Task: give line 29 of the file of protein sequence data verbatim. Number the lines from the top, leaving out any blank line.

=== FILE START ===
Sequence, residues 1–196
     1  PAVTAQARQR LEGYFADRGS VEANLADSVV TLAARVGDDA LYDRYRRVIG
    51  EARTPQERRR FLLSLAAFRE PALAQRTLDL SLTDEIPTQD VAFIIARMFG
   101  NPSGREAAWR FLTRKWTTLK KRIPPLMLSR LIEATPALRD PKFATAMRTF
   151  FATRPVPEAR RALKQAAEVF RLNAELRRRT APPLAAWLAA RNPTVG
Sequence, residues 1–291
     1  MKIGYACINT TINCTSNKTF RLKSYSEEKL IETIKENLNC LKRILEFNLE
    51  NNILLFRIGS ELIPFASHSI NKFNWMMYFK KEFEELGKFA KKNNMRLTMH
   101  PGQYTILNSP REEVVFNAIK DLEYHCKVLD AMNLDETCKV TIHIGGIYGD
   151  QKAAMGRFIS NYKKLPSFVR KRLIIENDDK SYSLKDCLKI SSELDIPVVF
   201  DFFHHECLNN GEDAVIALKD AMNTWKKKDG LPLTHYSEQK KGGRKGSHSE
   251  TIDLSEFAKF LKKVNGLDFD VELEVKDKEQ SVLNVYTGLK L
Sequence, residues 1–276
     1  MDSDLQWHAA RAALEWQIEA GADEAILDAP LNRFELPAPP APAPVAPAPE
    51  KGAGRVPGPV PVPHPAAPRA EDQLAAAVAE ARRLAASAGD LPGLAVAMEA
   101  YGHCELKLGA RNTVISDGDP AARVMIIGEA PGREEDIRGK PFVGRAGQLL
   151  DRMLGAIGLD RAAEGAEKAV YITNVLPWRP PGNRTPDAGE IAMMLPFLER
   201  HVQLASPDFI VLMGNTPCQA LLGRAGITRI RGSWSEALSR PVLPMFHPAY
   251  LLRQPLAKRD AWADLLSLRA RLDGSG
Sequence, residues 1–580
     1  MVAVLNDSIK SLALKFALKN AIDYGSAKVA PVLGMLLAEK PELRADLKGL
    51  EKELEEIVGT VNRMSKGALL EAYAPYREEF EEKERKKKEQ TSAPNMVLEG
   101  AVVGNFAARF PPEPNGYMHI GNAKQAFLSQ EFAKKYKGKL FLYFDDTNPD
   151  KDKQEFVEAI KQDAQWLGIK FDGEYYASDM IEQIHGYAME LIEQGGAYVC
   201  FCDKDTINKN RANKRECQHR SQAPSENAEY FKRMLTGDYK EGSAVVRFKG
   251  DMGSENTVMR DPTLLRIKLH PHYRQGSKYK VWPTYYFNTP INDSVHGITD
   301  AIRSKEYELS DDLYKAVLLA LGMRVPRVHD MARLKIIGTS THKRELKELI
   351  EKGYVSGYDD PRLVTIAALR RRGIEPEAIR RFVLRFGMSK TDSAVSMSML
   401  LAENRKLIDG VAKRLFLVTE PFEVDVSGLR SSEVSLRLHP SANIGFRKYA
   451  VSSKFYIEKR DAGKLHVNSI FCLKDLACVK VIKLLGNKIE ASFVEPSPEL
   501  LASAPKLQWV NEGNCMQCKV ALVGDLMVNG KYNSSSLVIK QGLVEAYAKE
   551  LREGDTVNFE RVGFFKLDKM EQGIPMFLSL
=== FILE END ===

   401  LAENRKLIDG VAKRLFLVTE PFEVDVSGLR SSEVSLRLHP SANIGFRKYA